An Environmental Impact Assessment (EIA) can be conducted to determine the potential impacts of a surface mining site. handling. blasting. conveyance. as in many other industries. To increase the understanding of the dispersion of fugitive dust from such activities it is necessary to develop suitable modelling strategies. method. 87 . The primary sources of fugitive dust at a fully operational surface mine may include overburden removal. and the prevailing meteorological conditions. In the case of particulate matter. frequency and duration of force application. haulage and blasting. Typical fugitive dust emission sources may include minerals transfer points. and to offer and implement the necessary techniques as to abate. loading into crusher feed bins. mineral haulage. which acts to reduce the size of that material for purposes that includes easier (and sometimes more economical) extraction. the onus on UK site operators to implement these control techniques has been by the provisions of planning. modelling software is capable of determining atmospheric dispersion. However. processing. The Air Quality Strategy for England and Wales by the Expert Panel report on Air Quality Standards (Defra. Amponsah-Dacosta and Annegam. Particulate matter (here also termed ‘dust’) can have detrimental impacts on both the environment and human health (Arup Environmental 1996. magnitude. the report recognised that there was a high uncertainty (±50%) in the derivation of these estimates. is the result of a force applied to bulk material. Although this still remains the case. storage and transportation. In the past. These include the inherent material properties. An EIA explores and reports on the impacts that a site and/or installation may cause during the life-cycle period being considered. Numerous variables are accountable when considering dust generation and the potential for the emission of that dust into the atmosphere. the localities affected by the downwind migration of the plume and the deposition ﬂux of the particulates settling out of the plume. when released in an uncontrolled manner. 1998). resulting material size. Noise & Vibration 1 INTRODUCTION Surface minerals extraction and processing operations can generate large quantities of fugitive dust which. site operators are now more encouraged by means of industry guidance on good practice to adopt proactive strategies as to attain sustainable development and continuous improvement in environmental performance. or eliminate these occurrences. The results of such a modelling exercise can be employed within an EIA.Sustainable Aggregates Reducing the Environmental Effect of Aggregate Quarrying: Dust. mineral stockpiles and site restoration. Consequently there exists a requirement to identify. measure and monitor the cause of any impacts. mechanical handling operations. 2007) estimated that 20% of the total PM-10 (particulate matter equal to or less than 10 microns in diameter) emission from anthropogenic sources in the UK in 2005 was from quarrying activities. Dust generated from surface mining sites. can cause widespread nuisance and potential health concerns for on-site personnel and surrounding communities. pollution control and occupational health legislation.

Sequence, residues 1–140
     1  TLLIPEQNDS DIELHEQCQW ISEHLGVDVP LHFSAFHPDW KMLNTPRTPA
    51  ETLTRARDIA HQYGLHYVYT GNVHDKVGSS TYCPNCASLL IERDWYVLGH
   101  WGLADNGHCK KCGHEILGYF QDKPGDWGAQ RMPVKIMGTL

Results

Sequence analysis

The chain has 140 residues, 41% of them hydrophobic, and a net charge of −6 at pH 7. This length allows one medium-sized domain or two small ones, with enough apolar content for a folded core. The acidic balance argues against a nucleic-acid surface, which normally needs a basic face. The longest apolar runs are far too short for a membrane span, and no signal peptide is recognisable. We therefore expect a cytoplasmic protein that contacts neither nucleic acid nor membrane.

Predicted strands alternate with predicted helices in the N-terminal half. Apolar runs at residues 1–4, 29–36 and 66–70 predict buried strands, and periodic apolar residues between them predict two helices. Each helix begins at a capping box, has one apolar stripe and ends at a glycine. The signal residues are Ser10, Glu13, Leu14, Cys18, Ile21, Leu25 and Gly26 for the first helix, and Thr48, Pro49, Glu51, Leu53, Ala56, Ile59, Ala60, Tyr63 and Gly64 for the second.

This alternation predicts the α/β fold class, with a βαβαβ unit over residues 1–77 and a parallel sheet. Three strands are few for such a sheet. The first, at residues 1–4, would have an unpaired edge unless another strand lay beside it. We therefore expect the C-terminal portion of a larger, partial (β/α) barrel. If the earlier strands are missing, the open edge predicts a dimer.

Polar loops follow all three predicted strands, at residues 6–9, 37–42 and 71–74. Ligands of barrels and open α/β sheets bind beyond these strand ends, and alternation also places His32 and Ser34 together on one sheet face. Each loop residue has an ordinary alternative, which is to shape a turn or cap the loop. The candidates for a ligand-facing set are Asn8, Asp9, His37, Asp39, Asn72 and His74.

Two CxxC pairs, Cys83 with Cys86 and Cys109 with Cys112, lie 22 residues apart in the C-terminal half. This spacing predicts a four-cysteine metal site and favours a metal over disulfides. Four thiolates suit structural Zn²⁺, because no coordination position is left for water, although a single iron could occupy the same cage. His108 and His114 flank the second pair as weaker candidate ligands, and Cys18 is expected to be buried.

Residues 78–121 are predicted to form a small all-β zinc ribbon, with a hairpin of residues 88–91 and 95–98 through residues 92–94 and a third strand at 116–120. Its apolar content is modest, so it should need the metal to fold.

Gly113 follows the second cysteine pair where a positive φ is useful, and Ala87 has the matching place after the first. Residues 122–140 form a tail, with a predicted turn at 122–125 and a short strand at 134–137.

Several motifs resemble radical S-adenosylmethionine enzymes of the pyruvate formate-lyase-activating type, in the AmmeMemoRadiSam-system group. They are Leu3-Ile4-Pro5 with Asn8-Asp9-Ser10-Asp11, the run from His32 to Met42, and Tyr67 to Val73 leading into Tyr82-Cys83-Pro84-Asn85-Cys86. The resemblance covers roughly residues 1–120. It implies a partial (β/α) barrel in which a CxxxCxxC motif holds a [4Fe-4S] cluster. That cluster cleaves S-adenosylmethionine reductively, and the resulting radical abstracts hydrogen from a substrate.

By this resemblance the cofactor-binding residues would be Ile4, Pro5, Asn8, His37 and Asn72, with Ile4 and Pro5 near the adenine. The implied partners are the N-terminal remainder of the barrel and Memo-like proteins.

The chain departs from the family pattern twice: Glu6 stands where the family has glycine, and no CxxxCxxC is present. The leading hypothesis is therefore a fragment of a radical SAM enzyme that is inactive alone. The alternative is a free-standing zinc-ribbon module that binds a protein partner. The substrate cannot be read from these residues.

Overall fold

it is loaded into haulage limestone (to trucks. Operation of dumpers. Dust will also (OB and low grade be generated due to mechanical impaction of dust dropped onto storage piles from conveyor belts. Also truck tipping/loading and transport operations will generate mechanical movement of storage piles and thus produce further emissions. Table 1 below summarises the major dust emissions that may potentially be generated during quarrying operations. In comparison. Mound formation Overburden material and low grade mineral desposits are often used to form mounds which are often levelled and shaped by bulldozers. handling and movement of signiﬁcant quantities of often dry material. In both cases the dust generation mechanisms will be equivalent to comparable activities at every surface mining site. By their very nature hard rock quarry operations involve drilling. A loader and gyratory crusher are often used for the primary crushing of the mineral. unloading and during the transport of the material from the pit (from agitation of the road surface). Primarily the fugitive dust is generated. etc will all quarry vehicles generate dust from the agitation of unpaved surfaces. Storage Mounds Exposed surfaces of mineral storage/stockpiles generate dust due to wind erosion. but they operate for the entire working day (SPPC 1983). Uncovered conveyors will also suffer from wind blown and mechanical attrition dust emissions. mineral) Dust emissions will depend on the height between the conveyor drop and top of the pile. Often haulage trucks of up to 100 tonne capacity are used for the removal of the mined primary crusher) mineral from the open pit to the downstream processing plant. At almost all stages of extraction and processing there is the potential to produce and emit dust to the atmosphere. Material on the bed of the dumper will produce dust. Chaulya et al (2001) and Arup Environmental (1995) Table 1: Summary dust emission inventory for a typical quarry operation 88 . there exist many underlying principles that apply to all surface mining sites.Sustainable Aggregates Reducing the Environmental Effect of Aggregate Quarrying: Dust. blasting. the issue is especially challenging. Notes: Sources used include. generates a relatively large amount of dust for a short period of time. A blast. The dual concern of occupational health and air quality near quarry sites requires careful management. Mineral processing The crushing and screening of the mineral into smaller size fractions produces dust emissions. Blasting Operations Dust emissions are generated as the material is blasted from the bench. For quarries operating in dry or windy environments. for example. The crushing and screening of the ore and its subsequent transfer by belt conveyor to primary stockpiles would also be a potential source of dust generation. Activity Drilling Emission Description Blast holes are drilled into the overburden and the mined mineral with using drill rigs. In dry conditions. this drilling operation may generate signiﬁcant dust. In some situations this dust can contain harmful substances such as quartz and this clearly requires special attention. through mechanical attrition and wind blown action. Overburden Overburden loosened by either scrapping. every truck on a haul road generates small amounts of dust at lower levels. supervisors. Emissions will be generated from the disturbance of soil layers and the emissions related to dumper truck movement. by a pick up and drop off of dust from the haulage road surface by wheels will occur. bulldozers or blasting is often loaded into and handling transported by dumper truck. Here mechanical action will cause the production of a dust and ﬁnes. The loading and discharge areas are likely to produce the greatest emissions. tankers. Movement of other Movement of vehicles like dumper trucks. These operations will produce dust HAUL ROADS emissions during loading. Loading of the broken rock from the resultant blast pile using mechanical shovels will also create dust emissions. Emissions would be generated both from the mechanical of the rock pile and from wind blown mechanisms Handling of Once the mineral mass has been fragmented and released by blasting. Nevertheless. water bowsers. and this dust can be projected many metres into the air. Noise & Vibration It is for the reasons above that dust generation should be considered a site-speciﬁc issue. These are often treated as point sources. Repositioning and unloading from the dumper truck are also likely to generate emissions. bulldozers. Conveyor Belts Transportation of various size fractions between downstream processing operations are commonly carried out using conveyor belt systems. dozers and graders would generate dust emissions. In some areas of the UK fugitive dust is also a nuisance issue where residential areas are located close to operational sites.